I hope the present government would consider a diplomatic campaign among the members of the G20 seeking Malaysia’s membership of the group within the next five years.


To repeat, G20 is an important forum through which Malaysia can meaningfully interact with other countries, in addition to other conduits such as our embassies / high commissions / consulates and our country’s membership in other world bodies.

The current membership of the G20 is composed of Argentina, Australia, Brazil, Canada, China, France, Germany, the European Union, India, Indonesia, Italy, South Korea, Japan, Mexico, Russia, Saudi Arabia, South Africa, Turkey, the United Kingdom, and the United States of America.

Why is Malaysia not in this league? Could the size of the population of a county be one of the criteria to qualify for membership?

Singapore and Switzerland are not members, despite the fact that both countries are major international financial centres in the world. Does the size of the population of a country really matter?

So it appears that the wealth of a country is not the most important qualification for entry into the group. There must be other requirements that must be fulfilled before a country is eligible for membership of the club.

On the face of it, the main qualification looks like the population of each country, plus the potentials of it becoming an economically- strong country in the near future.

So Malaysia must strive to be an economically-strong country before it may be allowed to play in the league – to use the soccer lingo. This would enable our leaders to join in the conversation with any one leader of this important group on an equal footing.

That is, if we want to play an important role on the world’s stage at all. What say the new Prime Minister? And the Minister for Foreign Affairs?

By way of emphasis, the benefits of attending international summits are obvious. In addition to the plenary session, the bilateral meetings between key leaders of the countries are as important as the plenary session itself.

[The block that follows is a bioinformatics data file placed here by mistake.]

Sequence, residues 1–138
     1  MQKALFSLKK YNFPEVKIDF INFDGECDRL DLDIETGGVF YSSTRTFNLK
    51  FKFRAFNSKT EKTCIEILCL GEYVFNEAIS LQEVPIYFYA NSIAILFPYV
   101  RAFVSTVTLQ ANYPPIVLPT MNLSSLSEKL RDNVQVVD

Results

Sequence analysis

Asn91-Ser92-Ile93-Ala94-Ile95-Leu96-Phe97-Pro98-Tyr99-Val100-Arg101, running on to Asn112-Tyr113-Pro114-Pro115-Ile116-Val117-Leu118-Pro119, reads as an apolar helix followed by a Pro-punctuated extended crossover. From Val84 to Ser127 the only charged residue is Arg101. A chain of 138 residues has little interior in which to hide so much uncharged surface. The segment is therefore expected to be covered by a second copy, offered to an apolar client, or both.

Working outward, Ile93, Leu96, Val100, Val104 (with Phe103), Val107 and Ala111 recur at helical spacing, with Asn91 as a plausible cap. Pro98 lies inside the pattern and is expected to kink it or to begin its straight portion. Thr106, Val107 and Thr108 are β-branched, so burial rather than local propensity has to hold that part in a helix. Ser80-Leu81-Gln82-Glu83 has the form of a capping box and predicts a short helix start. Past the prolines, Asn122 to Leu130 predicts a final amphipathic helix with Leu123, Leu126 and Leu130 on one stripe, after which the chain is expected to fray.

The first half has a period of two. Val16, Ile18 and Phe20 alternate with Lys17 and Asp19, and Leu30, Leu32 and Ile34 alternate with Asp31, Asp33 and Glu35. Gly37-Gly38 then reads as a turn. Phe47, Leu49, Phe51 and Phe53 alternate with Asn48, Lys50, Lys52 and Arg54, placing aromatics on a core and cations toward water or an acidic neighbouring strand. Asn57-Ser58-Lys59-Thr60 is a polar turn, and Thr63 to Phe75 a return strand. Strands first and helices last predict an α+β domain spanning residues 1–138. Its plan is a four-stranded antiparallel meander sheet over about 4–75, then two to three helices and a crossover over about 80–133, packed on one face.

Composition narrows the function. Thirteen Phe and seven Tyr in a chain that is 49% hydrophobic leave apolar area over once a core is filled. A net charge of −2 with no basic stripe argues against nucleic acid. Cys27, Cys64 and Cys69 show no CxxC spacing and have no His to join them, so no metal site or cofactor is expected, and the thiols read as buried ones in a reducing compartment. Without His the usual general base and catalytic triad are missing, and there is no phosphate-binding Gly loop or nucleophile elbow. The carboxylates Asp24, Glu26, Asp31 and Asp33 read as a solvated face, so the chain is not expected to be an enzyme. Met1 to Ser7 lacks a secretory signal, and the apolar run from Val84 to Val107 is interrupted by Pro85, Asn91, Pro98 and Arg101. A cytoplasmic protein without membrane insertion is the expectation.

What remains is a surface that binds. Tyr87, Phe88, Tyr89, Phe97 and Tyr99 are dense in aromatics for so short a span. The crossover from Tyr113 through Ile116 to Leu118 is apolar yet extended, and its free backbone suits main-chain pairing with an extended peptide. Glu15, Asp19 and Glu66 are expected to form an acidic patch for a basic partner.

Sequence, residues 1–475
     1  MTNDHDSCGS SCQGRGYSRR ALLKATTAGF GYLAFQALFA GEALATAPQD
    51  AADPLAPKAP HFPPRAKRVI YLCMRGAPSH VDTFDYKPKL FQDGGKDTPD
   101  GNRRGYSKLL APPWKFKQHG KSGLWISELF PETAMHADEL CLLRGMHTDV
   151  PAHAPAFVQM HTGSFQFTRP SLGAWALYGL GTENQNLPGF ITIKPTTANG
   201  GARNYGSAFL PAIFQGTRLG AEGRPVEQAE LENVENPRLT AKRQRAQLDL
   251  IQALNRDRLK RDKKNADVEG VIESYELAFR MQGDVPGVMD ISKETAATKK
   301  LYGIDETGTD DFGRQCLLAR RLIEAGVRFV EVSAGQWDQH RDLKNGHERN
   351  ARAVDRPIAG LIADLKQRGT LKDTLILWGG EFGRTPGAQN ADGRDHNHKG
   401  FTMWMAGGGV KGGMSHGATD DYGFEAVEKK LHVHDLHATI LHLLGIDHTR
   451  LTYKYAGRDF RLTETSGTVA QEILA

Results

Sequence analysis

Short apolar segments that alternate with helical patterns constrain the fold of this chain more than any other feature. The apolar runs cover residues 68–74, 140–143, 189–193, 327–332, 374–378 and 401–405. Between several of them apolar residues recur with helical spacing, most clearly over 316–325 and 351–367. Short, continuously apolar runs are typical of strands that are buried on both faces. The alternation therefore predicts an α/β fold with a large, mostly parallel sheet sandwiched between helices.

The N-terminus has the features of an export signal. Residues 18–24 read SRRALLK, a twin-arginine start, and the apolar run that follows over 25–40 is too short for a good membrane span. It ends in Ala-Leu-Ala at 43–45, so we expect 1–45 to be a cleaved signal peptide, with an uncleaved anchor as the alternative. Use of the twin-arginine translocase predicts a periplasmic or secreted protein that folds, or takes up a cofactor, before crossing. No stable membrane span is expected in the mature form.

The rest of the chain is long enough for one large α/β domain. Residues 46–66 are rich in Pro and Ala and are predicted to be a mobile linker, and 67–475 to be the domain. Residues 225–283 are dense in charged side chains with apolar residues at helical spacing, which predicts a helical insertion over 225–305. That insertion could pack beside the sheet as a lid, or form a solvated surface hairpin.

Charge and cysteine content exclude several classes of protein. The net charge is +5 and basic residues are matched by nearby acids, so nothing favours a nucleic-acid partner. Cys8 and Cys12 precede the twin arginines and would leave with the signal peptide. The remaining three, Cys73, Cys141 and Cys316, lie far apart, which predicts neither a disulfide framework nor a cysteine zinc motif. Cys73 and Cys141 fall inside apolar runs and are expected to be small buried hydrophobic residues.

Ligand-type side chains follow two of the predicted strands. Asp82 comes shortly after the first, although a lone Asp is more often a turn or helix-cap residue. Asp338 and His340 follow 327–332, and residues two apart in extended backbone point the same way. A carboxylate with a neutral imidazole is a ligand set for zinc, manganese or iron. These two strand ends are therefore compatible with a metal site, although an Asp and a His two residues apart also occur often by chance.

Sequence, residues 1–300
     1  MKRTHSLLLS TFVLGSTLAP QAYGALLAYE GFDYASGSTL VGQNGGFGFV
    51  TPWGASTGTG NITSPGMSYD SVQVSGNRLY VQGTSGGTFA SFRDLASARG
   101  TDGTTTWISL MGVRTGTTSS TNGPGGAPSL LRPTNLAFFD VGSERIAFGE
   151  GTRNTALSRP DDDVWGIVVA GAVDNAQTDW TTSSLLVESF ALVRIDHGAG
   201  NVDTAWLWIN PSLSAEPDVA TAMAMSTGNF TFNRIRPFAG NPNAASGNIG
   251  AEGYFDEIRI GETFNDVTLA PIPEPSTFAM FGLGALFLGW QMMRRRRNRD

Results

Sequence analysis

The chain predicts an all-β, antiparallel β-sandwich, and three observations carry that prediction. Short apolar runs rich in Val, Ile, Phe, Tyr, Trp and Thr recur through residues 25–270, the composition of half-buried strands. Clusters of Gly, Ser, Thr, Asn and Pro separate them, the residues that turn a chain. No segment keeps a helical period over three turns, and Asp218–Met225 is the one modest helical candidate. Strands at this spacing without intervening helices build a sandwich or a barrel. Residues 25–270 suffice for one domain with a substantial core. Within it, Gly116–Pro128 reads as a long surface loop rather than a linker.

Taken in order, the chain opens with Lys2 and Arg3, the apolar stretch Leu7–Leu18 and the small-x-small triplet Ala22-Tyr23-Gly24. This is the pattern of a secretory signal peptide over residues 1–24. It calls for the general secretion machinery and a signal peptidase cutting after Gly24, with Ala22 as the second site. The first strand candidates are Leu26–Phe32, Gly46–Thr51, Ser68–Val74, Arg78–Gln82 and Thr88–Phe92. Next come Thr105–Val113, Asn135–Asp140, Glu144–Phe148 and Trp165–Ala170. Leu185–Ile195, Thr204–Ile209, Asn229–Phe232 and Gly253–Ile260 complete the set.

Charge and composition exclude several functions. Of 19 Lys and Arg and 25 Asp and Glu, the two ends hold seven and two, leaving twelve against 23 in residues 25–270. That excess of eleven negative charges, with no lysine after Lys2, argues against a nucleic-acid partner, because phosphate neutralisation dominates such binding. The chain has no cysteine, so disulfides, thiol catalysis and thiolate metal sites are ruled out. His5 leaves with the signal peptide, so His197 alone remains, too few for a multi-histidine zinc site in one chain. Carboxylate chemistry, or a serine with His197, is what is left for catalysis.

For example, the bilateral meeting between Joe Biden of USA and Xi Jin Ping of China in Bali. There is tension between these two countries over hegemony in the South China Sea. It was a step away from war when the two Presidents agreed to hold a face-to-face meeting in Indonesia.

As Malaysian top leaders were not in Bali in November, they would not be able to know, first hand, what these other leaders were talking about.

Did they discuss a way out by way of a peaceful resolution of the Russian-Ukraine war? Or did they whisper in the ears of the Russian Foreign Minister, Sergei Lavrov, that on his return from Bali he should whisper into the ears of his boss that the leaders at the summit considered his actions in Ukraine blatant bullying?

Well, may shout instead of whisper!

For all we know, Uncle Xi promised Uncle Joe to talk to Uncle Putin, as one friend to another, not to resort to the use of the weapon of mass destruction on the Ukrainians.

We just don’t know what was being whispered in Bali.

These two leaders could have talked about Taiwan in terms of a policy of ‘live and let live’, or peaceful co-existence? It would be a great relief to many people in Europe, and in Asia in particular.

Nobody wants war, Uncle Xi; no one wins a war, Uncle Joe.

Uncle Putin, you should have been in Bali too. Will you be in India then?